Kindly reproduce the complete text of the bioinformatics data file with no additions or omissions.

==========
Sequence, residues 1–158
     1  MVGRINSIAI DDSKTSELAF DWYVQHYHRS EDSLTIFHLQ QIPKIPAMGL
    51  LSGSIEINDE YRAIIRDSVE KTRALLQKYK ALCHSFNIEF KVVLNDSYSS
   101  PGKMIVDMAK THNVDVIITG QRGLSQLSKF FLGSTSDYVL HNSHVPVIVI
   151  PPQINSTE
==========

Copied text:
Sequence, residues 1–158
     1  MVGRINSIAI DDSKTSELAF DWYVQHYHRS EDSLTIFHLQ QIPKIPAMGL
    51  LSGSIEINDE YRAIIRDSVE KTRALLQKYK ALCHSFNIEF KVVLNDSYSS
   101  PGKMIVDMAK THNVDVIITG QRGLSQLSKF FLGSTSDYVL HNSHVPVIVI
   151  PPQINSTE